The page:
Scenes From Good Records' National Record Store Day Bash.
The system works.
Truly, it does.
Over the course of a three-performer stretch during the most-trafficked portion of Good Records' annual National Record Store Day and store anniversary festivities — from, say, 5 p.m. to about 8:30 or so — the following occurred in succession:
• Unannounced, Minneapolis-based kinda-jokey R&B crooner Har Mar Superstar crashed the party, was invited on stage, and performed an impromptu, 20-or-so-minute set. It was purely a promotional appearance; the performer, in town as part of a tour in support of his new album, Bye Bye 17, had no copies of his new album with him, and neither did the store. Instead, Har Mar Superstar suggested, fans would have to join him at Bryan Street Tavern for his show later in the night to procure a copy.
• At the start of their own performance — delayed due to Har Mar Superstar's surprise set — Dallas rap duo A.Dd+ looked out with wonder at the sea of faces laid out in the store before them and asked aloud, and rather genuinely, if there were people in the room who'd never heard of them before. No one replied, so the twosome continued along and performed some songs before touting some merch they had for sale and talking up their own second show of the day, which would take place at Club Dada a couple of hours later.
• Seemingly just because, Denton's Vulgar Fashion almost broke Good Records' P.A. by searching for 11s with most every knob on their synth and modular units. Was some of the crowd put off by the noise? Absolutely. But a significant number of people were rather turned on by it, actually, and justifiably treated the band's freshly hyped material like the buzzing, alluring songs that they are, nevermind that much of these same songs have been around for, oh, four years or so. At one point, perhaps for the first time ever at a Vulgar Fashion show, noncommittal dancing was interrupted by full-on arm-swinging after one section of the crowd let out a verbal “Whoop!” as the band let forth the opening notes of their Pitchfork-approved offering, “Krystal Tearz.”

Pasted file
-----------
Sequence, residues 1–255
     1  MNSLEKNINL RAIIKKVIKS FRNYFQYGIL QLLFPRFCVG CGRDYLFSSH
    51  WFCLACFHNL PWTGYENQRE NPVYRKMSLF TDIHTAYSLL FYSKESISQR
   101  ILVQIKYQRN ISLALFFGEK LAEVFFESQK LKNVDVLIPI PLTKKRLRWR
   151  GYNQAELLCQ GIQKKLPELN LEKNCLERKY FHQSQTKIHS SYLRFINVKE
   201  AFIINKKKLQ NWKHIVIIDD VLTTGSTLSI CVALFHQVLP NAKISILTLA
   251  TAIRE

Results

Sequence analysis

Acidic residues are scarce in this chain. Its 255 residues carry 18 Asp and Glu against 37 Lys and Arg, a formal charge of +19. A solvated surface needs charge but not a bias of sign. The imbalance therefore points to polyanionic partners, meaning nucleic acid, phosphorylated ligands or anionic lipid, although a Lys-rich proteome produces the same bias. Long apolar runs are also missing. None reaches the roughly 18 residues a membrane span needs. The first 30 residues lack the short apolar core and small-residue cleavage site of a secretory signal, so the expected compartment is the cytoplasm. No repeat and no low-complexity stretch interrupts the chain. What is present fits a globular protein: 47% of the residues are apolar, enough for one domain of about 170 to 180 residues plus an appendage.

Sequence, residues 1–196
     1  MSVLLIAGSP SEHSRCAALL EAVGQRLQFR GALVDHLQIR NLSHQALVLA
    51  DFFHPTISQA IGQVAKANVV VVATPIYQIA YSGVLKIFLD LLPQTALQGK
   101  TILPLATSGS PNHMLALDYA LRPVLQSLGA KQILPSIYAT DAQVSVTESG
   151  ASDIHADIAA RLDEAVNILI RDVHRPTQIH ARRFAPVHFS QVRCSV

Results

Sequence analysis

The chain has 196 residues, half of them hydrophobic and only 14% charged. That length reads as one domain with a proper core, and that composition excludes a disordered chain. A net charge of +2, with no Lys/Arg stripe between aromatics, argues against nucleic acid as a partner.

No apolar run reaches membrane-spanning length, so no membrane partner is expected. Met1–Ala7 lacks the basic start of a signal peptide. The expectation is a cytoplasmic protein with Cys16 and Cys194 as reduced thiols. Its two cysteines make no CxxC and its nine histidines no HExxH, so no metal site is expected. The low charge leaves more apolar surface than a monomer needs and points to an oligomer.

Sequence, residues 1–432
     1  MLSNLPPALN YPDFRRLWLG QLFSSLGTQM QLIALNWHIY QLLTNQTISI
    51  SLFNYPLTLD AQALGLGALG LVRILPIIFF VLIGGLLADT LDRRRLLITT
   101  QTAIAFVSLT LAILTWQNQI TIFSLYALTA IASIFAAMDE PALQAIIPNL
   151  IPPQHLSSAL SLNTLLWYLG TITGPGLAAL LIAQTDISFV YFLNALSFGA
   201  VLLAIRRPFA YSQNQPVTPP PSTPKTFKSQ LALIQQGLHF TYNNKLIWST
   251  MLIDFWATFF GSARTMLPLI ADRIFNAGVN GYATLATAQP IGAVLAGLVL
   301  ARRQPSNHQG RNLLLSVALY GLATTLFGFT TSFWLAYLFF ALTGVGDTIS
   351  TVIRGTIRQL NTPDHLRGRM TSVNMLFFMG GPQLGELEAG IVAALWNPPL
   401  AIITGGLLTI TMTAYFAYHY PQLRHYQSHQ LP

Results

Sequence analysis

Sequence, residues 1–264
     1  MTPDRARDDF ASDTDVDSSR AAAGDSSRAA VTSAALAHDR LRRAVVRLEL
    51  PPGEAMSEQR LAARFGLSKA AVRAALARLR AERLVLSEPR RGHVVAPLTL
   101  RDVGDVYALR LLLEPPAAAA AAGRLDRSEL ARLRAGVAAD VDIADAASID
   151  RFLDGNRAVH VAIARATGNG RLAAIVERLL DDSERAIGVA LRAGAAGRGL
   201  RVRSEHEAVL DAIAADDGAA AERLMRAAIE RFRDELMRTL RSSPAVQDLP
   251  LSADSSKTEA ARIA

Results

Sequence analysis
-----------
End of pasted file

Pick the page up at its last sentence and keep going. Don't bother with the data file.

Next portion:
Capitalism, you guys. Promotional cycles. Commerce.
Record Store Day was created some seven years back as a means to keep these things on life support.
In Dallas, it's maybe the best day of the year, especially at Good Records, which truly does this annual affair proper, what with its everyone's-welcome attitude and backyard barbecue flavor.
Still, the argument is that these once-dying things need help. And they probably do.
But, at Good Records on Saturday, they looked strong as ever.